High Pressure Hot Water and Vacuum Followed by Baking Shown Effective for Cleaning Swine Trailers

Farmscape for January 22, 2018

A system that uses high pressure water and a vacuum followed by dry heat  is proving effective for cleaning and disinfecting swine transport vehicles.
Scientists working on behalf of Swine Innovation Porc have been developing a system for cleaning and disinfecting swine transport vehicles to reduce the potential for transferring disease from one load of animals to the next.
Dr. Terry Fonstad, with the College of Engineering at the University of Saskatchewan, says the concept involves a hydrovac system which uses a hot water wash followed by baking.

Clip-Dr. Terry Fonstad-University of Saskatchewan:
It's a vacuum system that we use in the excavation industry where you use high pressure water to make a hole and then you vacuum up the dirt and the water.
The vacuum is significant air flows, in the four thousand CFM  range with 300 horse power motors so it's not insignificant amounts of suction.
What we do is we would go in and you would take a dirty truck that had just been hauling animals, you would start at the back and you would vacuum up all of the shavings and left over manure and things in the truck up to the front.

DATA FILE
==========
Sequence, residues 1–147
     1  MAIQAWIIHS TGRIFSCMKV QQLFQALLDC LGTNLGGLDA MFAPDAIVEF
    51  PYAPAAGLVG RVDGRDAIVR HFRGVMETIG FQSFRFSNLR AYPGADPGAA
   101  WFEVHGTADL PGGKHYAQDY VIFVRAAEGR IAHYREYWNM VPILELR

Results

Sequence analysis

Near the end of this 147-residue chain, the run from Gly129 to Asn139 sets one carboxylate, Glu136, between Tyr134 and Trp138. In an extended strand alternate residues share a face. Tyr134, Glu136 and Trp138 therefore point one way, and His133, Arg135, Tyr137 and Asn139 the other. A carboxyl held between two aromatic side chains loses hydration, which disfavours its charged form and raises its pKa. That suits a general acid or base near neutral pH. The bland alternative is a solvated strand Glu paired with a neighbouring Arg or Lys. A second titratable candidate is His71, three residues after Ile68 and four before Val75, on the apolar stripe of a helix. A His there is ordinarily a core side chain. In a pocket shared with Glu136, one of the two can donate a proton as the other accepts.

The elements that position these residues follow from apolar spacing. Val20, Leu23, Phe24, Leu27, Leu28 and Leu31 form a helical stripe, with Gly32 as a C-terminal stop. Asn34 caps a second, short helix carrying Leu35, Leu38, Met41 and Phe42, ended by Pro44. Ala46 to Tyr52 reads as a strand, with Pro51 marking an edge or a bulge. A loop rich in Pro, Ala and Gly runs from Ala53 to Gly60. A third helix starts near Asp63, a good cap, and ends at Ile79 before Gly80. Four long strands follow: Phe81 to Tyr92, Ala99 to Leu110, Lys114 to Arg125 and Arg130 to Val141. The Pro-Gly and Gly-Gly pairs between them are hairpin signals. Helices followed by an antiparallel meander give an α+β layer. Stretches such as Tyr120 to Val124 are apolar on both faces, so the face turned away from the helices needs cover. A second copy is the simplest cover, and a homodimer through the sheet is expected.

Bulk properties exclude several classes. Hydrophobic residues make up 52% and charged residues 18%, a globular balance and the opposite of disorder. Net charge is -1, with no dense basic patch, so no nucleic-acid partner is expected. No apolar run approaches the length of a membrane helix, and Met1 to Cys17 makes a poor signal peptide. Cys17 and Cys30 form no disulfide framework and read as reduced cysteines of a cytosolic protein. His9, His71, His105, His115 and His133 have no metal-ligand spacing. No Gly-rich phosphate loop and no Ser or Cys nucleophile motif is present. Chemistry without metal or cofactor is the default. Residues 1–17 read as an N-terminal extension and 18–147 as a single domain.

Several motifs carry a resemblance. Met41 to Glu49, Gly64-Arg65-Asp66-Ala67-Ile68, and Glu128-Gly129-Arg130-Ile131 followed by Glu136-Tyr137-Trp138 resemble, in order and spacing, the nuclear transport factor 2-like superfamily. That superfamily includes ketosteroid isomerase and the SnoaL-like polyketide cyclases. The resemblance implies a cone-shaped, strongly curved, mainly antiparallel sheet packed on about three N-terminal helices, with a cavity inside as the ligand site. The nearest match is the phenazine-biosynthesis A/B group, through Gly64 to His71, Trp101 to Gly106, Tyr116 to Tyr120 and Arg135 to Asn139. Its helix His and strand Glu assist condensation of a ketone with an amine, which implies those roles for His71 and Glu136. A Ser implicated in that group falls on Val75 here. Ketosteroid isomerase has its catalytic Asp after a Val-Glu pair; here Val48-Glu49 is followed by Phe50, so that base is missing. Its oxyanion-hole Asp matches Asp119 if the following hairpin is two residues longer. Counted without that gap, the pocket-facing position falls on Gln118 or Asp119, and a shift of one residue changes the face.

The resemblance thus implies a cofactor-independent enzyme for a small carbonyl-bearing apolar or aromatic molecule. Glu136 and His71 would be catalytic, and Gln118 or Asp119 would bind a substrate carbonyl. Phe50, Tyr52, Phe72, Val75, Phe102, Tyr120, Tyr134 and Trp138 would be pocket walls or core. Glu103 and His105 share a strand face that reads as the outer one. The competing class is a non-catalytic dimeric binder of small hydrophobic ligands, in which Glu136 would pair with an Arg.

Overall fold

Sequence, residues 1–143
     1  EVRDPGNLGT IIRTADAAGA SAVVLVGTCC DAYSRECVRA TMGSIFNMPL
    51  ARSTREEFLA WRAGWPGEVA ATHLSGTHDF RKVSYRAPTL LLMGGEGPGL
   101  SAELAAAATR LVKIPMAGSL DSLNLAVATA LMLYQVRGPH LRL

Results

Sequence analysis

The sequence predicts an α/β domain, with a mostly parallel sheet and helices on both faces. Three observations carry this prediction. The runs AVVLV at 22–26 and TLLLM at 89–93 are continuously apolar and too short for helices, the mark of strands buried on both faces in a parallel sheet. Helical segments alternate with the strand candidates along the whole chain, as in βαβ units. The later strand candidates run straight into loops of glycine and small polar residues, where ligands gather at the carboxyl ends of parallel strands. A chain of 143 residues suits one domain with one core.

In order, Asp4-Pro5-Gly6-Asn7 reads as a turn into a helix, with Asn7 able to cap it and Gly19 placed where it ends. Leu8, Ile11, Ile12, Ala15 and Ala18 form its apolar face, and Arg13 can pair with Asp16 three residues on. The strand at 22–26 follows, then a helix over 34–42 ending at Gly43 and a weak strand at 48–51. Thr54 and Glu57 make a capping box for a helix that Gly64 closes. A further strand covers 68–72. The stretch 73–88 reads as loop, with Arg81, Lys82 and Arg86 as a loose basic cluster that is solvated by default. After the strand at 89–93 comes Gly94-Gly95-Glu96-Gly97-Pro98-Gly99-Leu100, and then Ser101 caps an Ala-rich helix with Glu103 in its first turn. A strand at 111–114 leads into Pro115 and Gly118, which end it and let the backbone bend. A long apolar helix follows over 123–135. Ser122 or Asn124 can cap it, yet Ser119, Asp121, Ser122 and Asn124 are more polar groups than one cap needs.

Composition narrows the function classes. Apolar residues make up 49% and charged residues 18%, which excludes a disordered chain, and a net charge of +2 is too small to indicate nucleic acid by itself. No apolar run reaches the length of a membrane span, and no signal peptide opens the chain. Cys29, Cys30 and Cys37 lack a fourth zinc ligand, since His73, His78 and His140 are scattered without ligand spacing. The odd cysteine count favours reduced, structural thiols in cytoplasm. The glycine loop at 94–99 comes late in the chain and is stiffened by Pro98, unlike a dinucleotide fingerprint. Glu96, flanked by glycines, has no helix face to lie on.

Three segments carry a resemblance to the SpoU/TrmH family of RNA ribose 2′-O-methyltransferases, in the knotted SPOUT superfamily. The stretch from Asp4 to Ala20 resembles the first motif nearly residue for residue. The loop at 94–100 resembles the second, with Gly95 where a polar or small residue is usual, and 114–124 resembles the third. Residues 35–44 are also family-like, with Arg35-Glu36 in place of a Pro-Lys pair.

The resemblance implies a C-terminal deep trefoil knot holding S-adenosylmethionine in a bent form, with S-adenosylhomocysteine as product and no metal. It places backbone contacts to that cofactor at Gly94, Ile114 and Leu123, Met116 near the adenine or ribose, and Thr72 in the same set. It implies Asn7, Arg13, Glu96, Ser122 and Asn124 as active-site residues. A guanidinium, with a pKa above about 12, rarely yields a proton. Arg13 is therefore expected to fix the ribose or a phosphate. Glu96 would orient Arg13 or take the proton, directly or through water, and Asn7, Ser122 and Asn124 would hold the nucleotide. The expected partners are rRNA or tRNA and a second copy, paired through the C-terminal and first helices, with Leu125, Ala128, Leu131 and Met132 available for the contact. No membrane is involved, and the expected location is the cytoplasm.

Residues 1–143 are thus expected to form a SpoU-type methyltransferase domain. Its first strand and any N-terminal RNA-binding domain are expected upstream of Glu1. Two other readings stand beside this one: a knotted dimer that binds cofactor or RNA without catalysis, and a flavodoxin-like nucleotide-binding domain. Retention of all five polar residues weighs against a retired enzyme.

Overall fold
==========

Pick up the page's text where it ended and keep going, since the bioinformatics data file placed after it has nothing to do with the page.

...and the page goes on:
Then you would switch heads and you would use water pressure and vacuum at the same time, much like cleaning carpet, where you've got high pressure water that would do the cleaning and it would suction that material away immediately and you would work your way back from the front of the truck to the back and, as you exited the truck, you would have a clean truck.
Once the truck is clean, what we've found with the veterinarians working with the various viruses and bacteria that are associated with swine diseases is that dry heating of these things to a certain temperature for a certain time will inactivate them.
So now the trick becomes, from an engineering standpoint, how do we heat 53 foot livestock trailers to elevated temperatures for extended periods of time economically and ensure that every piece of the trailer gets to that temperature to inactivate any bacteria or virus that are on the trailer.

Dr. Fonstad says the concept has been shown to be effective.
He suggests the next step would be a three year program to get to the point where the system can be operated remotely by someone standing outside of the trailer.
For Farmscape.Ca, I'm Bruce Cochrane.

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